The carcasses are sent to a tallow factory at $25 per carcass for disposal. In order to donate the meat for consumption by people or zoo animals, the district would have to get a U.S. Department of Agriculture inspector to inspect the live pigs at a cost prohibitive to the district, according to a report prepared by Jodi Isaacs, the district's resource management Specialist.
While some people might flinch at the idea of trapping and killing pigs, others say there's no way around it.
Dr. Aaron Burr, a La Honda veterinarian who specializes in large animals and livestock and served as a consultant to the Open Space District board, said the feral pigs can pose a serious threat to people. Feral pigs can carry a variety of diseases, including tuberculosis - a potentially fatal respiratory disease - and brucellosis, a painful inflammatory disease that attacks the joints Burr said.
Moreover the pigs have no natural predator except mountain lions, and even mountain lions prefer easier prey such as deer, Burr said. Trapping the pigs becomes an economic necessity when they destroy a farmer's crops and damage flora and fauna, Burr said.
But not everyone agrees with the district's pig policy, said Alfredo Kuba, coordinator of the South Bay branch of In Defense of Animals. Kuba said he protested the trap-and-shoot program last year by sending letters to the open space district board and doing television interviews.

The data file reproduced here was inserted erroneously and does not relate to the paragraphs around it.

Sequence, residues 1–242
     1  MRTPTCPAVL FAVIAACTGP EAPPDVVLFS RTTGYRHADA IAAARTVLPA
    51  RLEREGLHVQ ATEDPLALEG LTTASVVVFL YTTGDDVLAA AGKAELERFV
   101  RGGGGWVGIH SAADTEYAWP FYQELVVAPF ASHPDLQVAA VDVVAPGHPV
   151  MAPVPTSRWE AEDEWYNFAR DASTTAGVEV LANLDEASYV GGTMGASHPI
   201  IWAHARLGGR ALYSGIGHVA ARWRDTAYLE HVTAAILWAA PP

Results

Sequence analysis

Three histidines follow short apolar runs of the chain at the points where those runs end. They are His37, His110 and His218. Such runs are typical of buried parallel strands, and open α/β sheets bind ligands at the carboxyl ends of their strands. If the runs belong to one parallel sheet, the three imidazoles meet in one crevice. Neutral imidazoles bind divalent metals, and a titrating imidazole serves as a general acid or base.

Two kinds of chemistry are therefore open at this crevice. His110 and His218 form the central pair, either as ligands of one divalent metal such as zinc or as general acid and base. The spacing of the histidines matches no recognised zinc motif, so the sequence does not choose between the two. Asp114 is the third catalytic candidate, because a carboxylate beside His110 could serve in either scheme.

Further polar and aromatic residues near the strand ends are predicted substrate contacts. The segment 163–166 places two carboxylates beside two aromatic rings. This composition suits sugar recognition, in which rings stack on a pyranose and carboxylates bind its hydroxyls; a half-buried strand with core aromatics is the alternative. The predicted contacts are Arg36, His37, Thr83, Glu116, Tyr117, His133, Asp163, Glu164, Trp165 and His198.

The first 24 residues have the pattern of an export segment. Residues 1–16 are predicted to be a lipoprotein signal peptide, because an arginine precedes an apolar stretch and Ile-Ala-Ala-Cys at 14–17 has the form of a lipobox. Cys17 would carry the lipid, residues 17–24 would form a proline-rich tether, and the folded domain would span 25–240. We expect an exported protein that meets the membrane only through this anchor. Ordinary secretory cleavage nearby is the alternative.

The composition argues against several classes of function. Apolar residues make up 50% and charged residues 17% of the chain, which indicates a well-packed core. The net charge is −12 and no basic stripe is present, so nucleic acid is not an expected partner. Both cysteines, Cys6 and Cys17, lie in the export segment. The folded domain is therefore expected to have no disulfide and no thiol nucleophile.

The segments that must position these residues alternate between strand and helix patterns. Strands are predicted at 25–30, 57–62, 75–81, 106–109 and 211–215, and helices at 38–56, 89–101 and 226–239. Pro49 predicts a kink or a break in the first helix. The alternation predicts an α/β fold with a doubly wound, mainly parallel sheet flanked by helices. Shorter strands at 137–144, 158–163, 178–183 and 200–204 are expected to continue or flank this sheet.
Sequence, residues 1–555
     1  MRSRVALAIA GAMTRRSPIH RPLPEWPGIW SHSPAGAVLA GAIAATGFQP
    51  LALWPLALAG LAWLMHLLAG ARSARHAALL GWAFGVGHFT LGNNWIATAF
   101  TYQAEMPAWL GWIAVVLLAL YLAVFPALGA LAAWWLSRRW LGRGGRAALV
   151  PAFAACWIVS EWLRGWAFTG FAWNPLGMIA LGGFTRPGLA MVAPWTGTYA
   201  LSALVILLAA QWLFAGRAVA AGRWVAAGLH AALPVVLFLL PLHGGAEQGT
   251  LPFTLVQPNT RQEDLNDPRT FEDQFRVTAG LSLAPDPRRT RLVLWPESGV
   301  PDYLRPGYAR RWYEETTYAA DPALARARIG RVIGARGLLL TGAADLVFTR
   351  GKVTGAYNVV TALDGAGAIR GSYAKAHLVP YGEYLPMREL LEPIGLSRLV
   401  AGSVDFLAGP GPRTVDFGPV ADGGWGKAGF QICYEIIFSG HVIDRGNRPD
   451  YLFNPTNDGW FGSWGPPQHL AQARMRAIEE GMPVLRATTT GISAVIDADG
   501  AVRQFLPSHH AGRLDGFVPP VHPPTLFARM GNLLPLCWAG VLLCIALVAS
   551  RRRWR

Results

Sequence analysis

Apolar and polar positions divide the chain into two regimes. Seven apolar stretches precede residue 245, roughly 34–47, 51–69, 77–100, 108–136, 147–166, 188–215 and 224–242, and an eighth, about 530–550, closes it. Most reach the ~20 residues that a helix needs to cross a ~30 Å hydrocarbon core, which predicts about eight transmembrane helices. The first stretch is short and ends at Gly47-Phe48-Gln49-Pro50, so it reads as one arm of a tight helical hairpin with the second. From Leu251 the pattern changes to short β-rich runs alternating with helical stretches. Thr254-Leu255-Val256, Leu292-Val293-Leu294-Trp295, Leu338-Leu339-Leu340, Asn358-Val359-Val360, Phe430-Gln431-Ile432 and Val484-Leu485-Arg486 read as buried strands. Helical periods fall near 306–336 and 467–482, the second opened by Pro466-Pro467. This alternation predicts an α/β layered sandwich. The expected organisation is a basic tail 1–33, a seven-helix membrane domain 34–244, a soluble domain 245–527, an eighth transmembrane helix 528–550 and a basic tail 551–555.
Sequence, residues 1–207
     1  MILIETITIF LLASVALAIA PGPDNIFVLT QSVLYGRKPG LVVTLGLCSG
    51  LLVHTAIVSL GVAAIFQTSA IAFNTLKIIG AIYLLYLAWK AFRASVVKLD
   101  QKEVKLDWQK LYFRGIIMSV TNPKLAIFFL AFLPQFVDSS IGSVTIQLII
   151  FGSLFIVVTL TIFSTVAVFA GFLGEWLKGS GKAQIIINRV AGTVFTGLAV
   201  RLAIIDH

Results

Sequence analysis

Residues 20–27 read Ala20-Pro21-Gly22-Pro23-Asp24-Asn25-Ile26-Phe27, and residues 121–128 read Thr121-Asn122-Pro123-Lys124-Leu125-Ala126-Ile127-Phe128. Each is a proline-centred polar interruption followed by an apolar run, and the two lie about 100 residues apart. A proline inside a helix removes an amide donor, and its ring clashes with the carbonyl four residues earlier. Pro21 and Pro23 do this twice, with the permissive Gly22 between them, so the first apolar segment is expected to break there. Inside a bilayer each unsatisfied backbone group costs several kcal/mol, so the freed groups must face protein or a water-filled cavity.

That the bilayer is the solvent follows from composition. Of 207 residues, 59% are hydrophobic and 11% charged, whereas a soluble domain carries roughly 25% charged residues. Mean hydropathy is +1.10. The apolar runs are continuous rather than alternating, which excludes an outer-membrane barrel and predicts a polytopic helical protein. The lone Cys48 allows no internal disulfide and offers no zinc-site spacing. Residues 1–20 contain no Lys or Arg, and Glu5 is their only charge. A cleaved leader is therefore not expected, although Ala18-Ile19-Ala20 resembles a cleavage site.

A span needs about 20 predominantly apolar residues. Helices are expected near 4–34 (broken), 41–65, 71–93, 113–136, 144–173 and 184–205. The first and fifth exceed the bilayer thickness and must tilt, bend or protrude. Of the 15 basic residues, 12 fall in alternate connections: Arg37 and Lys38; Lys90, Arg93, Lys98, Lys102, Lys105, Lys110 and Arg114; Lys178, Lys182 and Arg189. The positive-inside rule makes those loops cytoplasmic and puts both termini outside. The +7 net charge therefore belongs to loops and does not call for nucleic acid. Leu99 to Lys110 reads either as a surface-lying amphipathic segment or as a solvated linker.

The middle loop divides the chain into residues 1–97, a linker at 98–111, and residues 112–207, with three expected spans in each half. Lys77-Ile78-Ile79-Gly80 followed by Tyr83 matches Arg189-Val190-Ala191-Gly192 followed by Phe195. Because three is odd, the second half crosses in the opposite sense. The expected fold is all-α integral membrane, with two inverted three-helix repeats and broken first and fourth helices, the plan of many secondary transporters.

"The problem here is humans create problems by bringing in animals and then we create more suffering by disposing of them," Kuba said.
Kuba said his group of 100 activists would support a program to sterilize the pigs and take them to somewhere where they won't harm the land.
Resource specialist Isaacs' report recommended the board look into sterilizing the pigs as a viable option compared with poison, which could harm other animals, public hunting, which is barred on preserve lands, and lethal injections, which cost between $411 and $461 per pig. Isaacs' report also rejected fencing the preserves as costly and unsightly.
Wednesday the board allocated $35,000 to continue the trapping, but board members encouraged Isaacs to continue researching chemical or surgical contraception for the pigs.
The board also agreed to spend $8,000 to hire a consultant to study the environmental impact of the pigs on protected land. The consultant will swap findings with groups from Sonoma State University and the state Department of Fisb and Game already studying the pigs at Salt Point State Park in Sonoma County to find out what level of pig activity is tolerable in the preserves.
"The district wants to institute a program that will protect the open space preserves and will be most humane, if we continue to undertake the pig control program," the district's Jensen said.
Bureaucrats sure know a good thing when they see one.
This is a way foisting their problem on everybody else and making money at the same time: fining landowners for "pig harboring" to help force them to sell out to... guess who?